Debt Burdened Air India | The Cabinet Approves 49 Percent Divestment
NEW DELHI: To attract foreign bidders and expedite the strategic divestment of Air India, the Indian Cabinet on Wednesday, 10 January has decided to allow Foreign Direct Investment (FDI) up to 49 per cent in the flag carrier.
The airline, which is under a massive debt burden of Rs500 billion (Dh28.8 billion), had posted an operating profit of Rs1.05 trillion in 2015-16, and is expected to report an improved operating profit margin for the last fiscal.
By allowing this, the Indian national carrier has been brought at par with other domestic airlines which are allowed to attract foreign capital. The decision effectively expands the “universe of bidders” that the government hopes to attract for the airline’s strategic divestment.
The decision to allow FDI in Air India was taken by the Union cabinet in its meeting here that okayed liberalisation and simplification of the FDI policy.
The present rules allow foreign airlines to invest in Indian airline companies up to a limit of 49 per cent of their paid-up capital, which is, however, not applicable to Air India.
“It has now been decided to do away with this restriction and allow foreign airlines to invest up to 49 per cent under approval route in Air India subject to the conditions that foreign investments in Air India, including that of foreign airlines, shall not exceed 49 per cent either directly or indirectly,” an official release said here, following the Cabinet meeting.
“Substantial ownership and effective control of Air India shall continue to be vested in Indian national,” it added.
Albert Tjoeng, Assistant Director, Corporate Communications, Asia Pacific at International Air Transport Association (IATA), said: “The amendment in the FDI policy is a step in the right direction — it removes the exemption that had been prevalent in the policy which is related to a single airline.”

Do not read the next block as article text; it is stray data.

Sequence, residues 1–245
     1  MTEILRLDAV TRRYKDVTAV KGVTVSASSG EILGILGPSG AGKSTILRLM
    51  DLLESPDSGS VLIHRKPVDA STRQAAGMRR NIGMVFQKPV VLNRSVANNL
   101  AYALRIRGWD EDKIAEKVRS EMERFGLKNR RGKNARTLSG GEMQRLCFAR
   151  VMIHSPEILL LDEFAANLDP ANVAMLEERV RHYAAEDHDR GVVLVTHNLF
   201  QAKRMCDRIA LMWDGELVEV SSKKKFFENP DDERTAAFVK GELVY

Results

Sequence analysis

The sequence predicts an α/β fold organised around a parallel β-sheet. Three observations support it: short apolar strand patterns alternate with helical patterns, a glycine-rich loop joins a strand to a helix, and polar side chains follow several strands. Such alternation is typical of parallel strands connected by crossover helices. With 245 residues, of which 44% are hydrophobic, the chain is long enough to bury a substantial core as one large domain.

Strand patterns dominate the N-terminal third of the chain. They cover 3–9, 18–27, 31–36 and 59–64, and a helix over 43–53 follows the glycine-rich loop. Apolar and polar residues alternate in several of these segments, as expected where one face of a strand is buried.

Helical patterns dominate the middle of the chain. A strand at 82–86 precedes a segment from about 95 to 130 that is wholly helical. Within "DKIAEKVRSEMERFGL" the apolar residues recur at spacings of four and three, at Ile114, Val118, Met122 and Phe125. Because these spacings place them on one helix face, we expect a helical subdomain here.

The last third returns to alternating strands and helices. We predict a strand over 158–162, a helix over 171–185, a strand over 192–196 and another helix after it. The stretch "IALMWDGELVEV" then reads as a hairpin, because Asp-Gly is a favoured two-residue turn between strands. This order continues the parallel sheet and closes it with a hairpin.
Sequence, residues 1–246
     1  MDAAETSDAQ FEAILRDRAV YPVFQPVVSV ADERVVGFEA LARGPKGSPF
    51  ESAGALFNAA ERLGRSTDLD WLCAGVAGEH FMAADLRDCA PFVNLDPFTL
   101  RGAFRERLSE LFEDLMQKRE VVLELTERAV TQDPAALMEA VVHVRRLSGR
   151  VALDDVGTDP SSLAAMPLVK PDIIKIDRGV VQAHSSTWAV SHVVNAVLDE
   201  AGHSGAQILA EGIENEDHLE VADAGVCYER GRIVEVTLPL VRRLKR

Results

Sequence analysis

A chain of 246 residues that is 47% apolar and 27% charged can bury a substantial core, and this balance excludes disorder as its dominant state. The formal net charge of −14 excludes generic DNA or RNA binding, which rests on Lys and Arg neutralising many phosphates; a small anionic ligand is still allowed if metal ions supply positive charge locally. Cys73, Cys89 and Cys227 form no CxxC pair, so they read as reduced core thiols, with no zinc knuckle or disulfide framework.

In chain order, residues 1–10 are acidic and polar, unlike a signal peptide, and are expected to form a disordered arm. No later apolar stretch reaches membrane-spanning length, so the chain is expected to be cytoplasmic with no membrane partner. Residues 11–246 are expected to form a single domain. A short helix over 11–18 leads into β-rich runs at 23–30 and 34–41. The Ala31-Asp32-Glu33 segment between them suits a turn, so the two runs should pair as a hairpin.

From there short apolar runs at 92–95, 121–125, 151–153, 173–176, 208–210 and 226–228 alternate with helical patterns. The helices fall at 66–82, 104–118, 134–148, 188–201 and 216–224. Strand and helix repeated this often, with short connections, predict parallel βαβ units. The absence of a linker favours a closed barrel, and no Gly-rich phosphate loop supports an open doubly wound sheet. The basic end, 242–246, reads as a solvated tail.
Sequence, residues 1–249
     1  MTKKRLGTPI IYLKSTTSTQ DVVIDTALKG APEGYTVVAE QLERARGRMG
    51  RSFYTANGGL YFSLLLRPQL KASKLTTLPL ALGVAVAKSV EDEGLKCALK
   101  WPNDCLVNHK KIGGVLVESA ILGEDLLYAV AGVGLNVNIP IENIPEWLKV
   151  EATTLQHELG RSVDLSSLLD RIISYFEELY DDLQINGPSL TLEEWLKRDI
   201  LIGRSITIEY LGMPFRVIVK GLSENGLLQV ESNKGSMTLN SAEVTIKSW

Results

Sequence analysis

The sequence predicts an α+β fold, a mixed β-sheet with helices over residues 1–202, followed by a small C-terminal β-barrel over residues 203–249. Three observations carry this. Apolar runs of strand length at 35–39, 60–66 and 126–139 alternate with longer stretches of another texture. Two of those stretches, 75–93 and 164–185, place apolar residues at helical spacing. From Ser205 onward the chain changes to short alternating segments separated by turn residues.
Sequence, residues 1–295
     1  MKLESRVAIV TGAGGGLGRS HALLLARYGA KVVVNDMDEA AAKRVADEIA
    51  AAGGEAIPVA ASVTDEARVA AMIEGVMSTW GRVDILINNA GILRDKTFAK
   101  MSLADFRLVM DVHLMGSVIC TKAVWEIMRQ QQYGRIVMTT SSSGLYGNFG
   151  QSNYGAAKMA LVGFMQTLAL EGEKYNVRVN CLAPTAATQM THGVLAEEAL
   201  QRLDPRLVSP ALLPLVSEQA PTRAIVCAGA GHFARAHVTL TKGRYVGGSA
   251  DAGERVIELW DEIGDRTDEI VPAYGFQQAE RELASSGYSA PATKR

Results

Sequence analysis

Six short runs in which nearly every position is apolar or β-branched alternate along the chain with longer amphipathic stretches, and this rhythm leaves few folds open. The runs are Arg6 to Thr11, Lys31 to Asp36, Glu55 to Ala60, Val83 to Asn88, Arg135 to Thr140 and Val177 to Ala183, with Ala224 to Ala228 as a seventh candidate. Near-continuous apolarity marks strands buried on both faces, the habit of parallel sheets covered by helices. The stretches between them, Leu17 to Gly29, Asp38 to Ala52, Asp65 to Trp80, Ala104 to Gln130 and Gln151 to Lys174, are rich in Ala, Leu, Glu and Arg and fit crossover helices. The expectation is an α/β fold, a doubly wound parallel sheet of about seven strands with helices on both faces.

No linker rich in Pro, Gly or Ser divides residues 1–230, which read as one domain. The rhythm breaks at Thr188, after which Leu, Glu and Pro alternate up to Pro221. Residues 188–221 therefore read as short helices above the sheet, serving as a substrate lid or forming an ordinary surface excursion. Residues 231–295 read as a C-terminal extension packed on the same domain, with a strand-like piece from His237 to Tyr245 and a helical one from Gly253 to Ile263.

Industry observers opined that the move will attract foreign bidders including foreign airlines to the divestment process.
Foreign players can now come in individually or with other Indian partner to participate in the divestment process whenever it takes-off and get a significant stake.
Independent aviation expert Amrit Pandurangi said: “Air India is not an easy transaction … so 49 per cent is good, but may not be good enough to make it attractive.”
“They need to first sort out a number of issues on Air India’s financial debt, people-related issues.”
Currently, a ministerial group, Air India-specific Alternative Mechanism, headed by Finance Minister Arun Jaitley is looking into the modalities to divest loss-making Air India. The group has been mandated to decide on key issues such as treatment of Air India’s debt and hiving-off of its assets.
Last month, Minister of State for Civil Aviation Jayant Sinha had announced that British consulting multinational EY has been appointed as transaction advisers to aid the government in the strategic divestment of Air India.
Making the announcement, Sinha said the Air India stake sale would most likely be an offering for an integrated airline through the bidding process “and both domestic and international operations will be divested as one entity”.
The Indian national carrier got a new lease of life in April 2012, when the then UPA government approved a Rs300 billion turnaround and financial restructuring package spanning up to 2021.